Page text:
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Convolutional Neural Network based Malignancy Detection of Pulmonary Nodule on Computer Tomography



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Without performing biopsy that could lead physical damages to nerves and vessels, Computerized Tomography (CT) is widely used to diagnose the lung cancer due to the high sensitivity of pulmonary nodule detection. However, distinguishing pulmonary nodule in-between malignant and benign is still not an easy task. As the CT scans are mostly in relatively low resolution, it is not easy for radiologists to read the details of the scan image. In the past few years, the continuing rapid growth of CT scan analysis system has generated a pressing need for advanced computational tools to extract useful features to assist the radiologist in reading progress. Computer-aided detection (CAD) systems have been developed to reduce observational oversights by identifying the suspicious features that a radiologist looks for during case review. Most previous CAD systems rely on low-level non-texture imaging features such as intensity, shape, size or volume of the pulmonary nodules. However, the pulmonary nodules have a wide variety in shapes and sizes, and also the high visual similarities between benign and malignant patterns, so relying on non-texture imaging features is difficult for diagnosis of the nodule types. To overcome the problem of non-texture imaging features, more recent CAD systems adopted the supervised or unsupervised learning scheme to translate the content of the nodules into discriminative features. Such features enable high-level imaging features highly correlated with shape and texture. Convolutional neural networks (ConvNets), supervised methods related to deep learning, have been improved rapidly in recent years. Due to their great success in computer vision tasks, they are also expected to be helpful in medical imaging. In this thesis, a CAD based on a deep convolutional neural network (ConvNet) is designed and evaluated for malignant pulmonary nodules on computerized tomography. The proposed ConvNet, which is the core component of the proposed CAD system, is trained on the LUNGx challenge database to classify benign and malignant pulmonary nodules on CT. The architecture of the proposed ConvNet consists of 3 convolutional layers with maximum pooling operations and rectified linear units (ReLU) activations, followed by 2 denser layers with full-connectivities, and the architecture is carefully tailored for pulmonary nodule classification by considering the problems of over-fitting, receptive field, and imbalanced data. The proposed CAD system achieved the sensitivity of 0.896 and specificity of 8.78 at the optimal cut-off point of the receiver operating characteristic curve (ROC) with the area under the curve (AUC) of 0.920. The testing results showed that the proposed ConvNet achieves 10% higher AUC compared to the state-of-the-art work related to the unsupervised method. By integrating the proposed highly accurate ConvNet, the proposed CAD system also outperformed the other state-of-the-art ConvNets explicitly designed for diagnosis of pulmonary nodules detection or classification.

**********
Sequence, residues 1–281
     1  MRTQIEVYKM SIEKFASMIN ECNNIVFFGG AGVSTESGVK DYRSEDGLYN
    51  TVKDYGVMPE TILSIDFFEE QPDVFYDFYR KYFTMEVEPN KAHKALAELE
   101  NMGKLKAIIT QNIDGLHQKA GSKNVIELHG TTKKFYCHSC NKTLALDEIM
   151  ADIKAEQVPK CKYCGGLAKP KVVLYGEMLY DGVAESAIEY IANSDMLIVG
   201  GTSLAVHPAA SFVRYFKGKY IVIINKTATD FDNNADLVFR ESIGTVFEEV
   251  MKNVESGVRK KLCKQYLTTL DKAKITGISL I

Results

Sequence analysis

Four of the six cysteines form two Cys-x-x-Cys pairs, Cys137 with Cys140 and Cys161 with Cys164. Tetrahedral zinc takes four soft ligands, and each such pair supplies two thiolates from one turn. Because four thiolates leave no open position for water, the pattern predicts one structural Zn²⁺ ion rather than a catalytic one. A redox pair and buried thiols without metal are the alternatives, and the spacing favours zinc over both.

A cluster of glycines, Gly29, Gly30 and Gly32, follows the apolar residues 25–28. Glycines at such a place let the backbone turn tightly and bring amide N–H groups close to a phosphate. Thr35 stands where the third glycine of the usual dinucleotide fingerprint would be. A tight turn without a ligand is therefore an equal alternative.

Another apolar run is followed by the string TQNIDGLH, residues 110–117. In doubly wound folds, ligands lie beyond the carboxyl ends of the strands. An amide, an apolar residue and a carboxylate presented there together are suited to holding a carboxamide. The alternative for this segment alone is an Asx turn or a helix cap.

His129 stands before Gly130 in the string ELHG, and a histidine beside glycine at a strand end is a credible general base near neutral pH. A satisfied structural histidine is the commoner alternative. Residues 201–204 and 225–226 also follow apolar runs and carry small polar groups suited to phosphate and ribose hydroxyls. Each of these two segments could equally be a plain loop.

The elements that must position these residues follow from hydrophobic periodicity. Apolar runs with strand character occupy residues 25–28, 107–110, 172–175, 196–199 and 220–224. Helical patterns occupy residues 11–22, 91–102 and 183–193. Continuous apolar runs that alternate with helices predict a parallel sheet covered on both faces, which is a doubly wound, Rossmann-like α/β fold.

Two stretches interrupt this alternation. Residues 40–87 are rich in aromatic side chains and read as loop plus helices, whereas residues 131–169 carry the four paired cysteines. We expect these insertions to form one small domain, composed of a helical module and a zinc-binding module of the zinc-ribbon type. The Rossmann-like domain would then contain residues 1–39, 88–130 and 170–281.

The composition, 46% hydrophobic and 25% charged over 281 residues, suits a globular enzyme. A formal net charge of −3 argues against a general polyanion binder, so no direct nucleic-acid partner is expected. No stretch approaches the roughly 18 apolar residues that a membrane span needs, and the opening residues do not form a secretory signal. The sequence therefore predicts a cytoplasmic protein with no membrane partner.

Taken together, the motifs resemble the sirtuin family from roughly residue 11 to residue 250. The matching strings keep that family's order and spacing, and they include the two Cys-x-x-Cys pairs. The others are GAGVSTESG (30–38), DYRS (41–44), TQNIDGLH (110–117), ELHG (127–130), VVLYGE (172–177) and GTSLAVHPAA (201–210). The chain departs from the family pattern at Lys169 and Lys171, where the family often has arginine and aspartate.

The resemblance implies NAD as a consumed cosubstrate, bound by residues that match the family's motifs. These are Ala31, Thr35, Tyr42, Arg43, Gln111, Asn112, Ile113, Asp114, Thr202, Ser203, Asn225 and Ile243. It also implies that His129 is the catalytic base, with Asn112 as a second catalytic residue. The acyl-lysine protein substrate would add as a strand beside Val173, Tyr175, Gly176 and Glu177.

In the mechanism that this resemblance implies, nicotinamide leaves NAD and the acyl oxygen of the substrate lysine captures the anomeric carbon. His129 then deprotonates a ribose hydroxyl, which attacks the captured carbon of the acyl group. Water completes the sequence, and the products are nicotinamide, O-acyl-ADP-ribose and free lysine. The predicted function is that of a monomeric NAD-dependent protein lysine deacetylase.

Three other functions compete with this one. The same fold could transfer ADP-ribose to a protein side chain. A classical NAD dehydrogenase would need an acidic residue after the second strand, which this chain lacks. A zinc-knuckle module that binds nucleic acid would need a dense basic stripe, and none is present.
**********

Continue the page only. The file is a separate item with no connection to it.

convolutional neural network, pulmonary nodule



Master of Science (M.Sc.)


Electrical and Computer Engineering


Electrical Engineering


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